She really didn’t want to. Her father insisted.
Five years ago, after the avid runner broke her big toe, Paige Shumskas was signed up for cycling lessons by her father at the Velodrome in Allentown. Her plan was to use cycling as a way to stay in shape until she could get back to running. Then she found she had fallen in love with cycling. She joined a junior development road team that summer. This season she has competed in 50 races.
Come September 11th, Paige will be competing in the women’s pro race Bucks County Classic as the junior development rider of the Fearless Femme pro cycling team. Yes. Pro.
Paige competed in the Bucks County Classic last year, but she said it was at the end of her season, and that she was tired and didn’t fare was well as she would have liked. She then added, “This season I’m more prepared cause I’m racing for a professional team.” She is their junior development rider. She explained that “I mainly work as their domestique” where her basic role is to clog the front of the pack and set the pace for her teammates so they can pull ahead and be in position to win the race. “I do whatever I can to help my teammates win.” said Shumskas.
Paige likes Criterium racing. She is excited about the Doylestown race. “This is like my hometown race. Everyone is going to be there. So I’m really excited for that.” She said last years was different because it wasn’t a pro race. This year the women’s pro race features some of the best women racers in the country.
The season starts between March or May to September. When asked how she manages doing schoolwork during the season, she smiled and said, “I am really good with time management.” Last year she had 3AP classes all with honors. Her instructors will give her work ahead of time so she can manage racing and school work.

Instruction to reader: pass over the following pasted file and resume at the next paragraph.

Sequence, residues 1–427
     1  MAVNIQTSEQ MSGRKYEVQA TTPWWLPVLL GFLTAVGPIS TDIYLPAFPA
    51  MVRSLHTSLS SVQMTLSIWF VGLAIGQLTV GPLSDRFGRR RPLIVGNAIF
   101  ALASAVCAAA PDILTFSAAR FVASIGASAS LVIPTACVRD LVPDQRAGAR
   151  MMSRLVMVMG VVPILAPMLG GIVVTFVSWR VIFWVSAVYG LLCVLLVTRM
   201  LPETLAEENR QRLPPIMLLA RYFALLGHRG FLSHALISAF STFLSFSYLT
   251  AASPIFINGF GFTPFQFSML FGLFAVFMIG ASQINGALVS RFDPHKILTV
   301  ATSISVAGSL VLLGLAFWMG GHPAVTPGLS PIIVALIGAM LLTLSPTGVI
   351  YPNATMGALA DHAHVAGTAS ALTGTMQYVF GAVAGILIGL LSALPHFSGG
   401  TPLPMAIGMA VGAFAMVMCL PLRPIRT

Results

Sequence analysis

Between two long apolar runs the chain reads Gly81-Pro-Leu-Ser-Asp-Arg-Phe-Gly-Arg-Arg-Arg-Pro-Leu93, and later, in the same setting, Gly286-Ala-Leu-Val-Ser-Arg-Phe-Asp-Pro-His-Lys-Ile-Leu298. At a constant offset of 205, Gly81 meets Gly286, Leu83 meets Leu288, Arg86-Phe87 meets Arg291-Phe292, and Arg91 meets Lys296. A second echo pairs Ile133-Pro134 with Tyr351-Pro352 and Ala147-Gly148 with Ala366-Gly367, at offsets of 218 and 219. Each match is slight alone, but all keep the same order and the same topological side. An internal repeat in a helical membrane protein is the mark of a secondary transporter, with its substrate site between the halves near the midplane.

The farthest she has traveled for a race was California to compete in Junior Nationals. In that race, someone in front of her purposely took her out of the race, causing her to crash.
She eventually hopes to race internationally in the pro women’s circuit.
She loves Billy Joel, Elton John and Boston.
Today Paige is only doing an hour workout. She’s taking it easy today since she suffered a crash this past weekend when a racer in front of her did something she should’t have and caused a crash from which Paige need 7 stitches. She was happy to report that nothing happened to her bike in the crash and that other then the stitches, she only suffered minor scrapes.
I met Paige at her 14 acre family home in Pipersville. That is the area where she generally trains for races. How can you not? It is beautiful scenery to ride through.
As Paige rides up the road, one doe crosses the road, then another. Further up the road another doe crosses the road following her mother. A car comes closer to Paige. She cautiously waves the vehicle around her. Once past she gets back to work. The Fearless Femme steadily pedals up the scenic hilly road on her way to the next race.
Paige doesn’t want summer to end, saying, “I want to keep racing! It’s so fun!”
September 11, 2016 in Doylestown.
Her hometown race.
If you are walking the streets of Doylestown on September 11th, that nice breeze you feel will not be from the wind. The cause will be from hundreds of cyclists speeding past as they circle around the criterium during the Bucks County Classic.
Held in conjunction with the Doylestown Arts Festival, it is billed as The Biggest Weekend in Bucks County.